Pretty good for spur-of-the-moment writing, Bob! I don't think you've alienated or upset anyone, you've just stated the facts and your opinions, and very clearly at that. And I agree with pretty much all of it. Now, go rest your fingers, 'cause I know they must be tired!
I think you referenced the most significant part of this issue here:
Originally Posted by Bob Russell
If the Kindle is popular and wildly successful, it's hard to tell whether or not the level of popularity will be significant in the war for the marketplace. It might actually help, because as people get more familiar with e-books more quickly, they also might become more educated consumers. Or we might see a backlash from consumers against DRM...
All I hope for is that in the midst of the Kindle excitement, people don't lose sight of the far-reaching effects that a paradigm of closed content and strict DRM can have on the e-book marketplace if it becomes widespread. And that people understand that it will mean higher prices, more headaches, and repeated purchases as platforms change.
As you point out, it will be the public that either rolls over, or stands up and affects change. Publishers and authors providing alternative formats and sales models will help them see that there are other ways of doing things, but only the public can demand change and vote with their wallets.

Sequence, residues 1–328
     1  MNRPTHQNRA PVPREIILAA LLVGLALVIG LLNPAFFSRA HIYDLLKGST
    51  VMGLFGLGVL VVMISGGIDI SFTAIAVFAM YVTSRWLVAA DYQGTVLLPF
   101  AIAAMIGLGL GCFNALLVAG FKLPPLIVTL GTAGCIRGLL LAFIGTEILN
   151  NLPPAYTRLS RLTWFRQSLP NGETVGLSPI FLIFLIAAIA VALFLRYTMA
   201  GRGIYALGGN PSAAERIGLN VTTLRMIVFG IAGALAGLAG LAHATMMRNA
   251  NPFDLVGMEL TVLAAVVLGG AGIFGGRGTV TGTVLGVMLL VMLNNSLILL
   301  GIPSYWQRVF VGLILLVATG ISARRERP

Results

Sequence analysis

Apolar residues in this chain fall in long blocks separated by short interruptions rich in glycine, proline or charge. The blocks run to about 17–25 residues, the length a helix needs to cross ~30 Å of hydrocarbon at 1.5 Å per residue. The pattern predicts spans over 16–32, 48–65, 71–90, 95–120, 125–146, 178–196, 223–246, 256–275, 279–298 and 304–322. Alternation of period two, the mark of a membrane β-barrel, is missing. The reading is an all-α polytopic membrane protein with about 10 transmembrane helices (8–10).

As for me, I'm glad to be an alternative voice, while at the same time wading into the Kindle waters to see if I can actually get wet--because at this point, the Kindle is still an Insider's game, and despite its widespread popularity, may not earn Peons like me a single dime.
(In fact, if you check their contract, they will not send any earned funds to you until they surpass $100... which may mean that anything under $99 will never be sent to the author. One more part of their system that should be changed, IMO)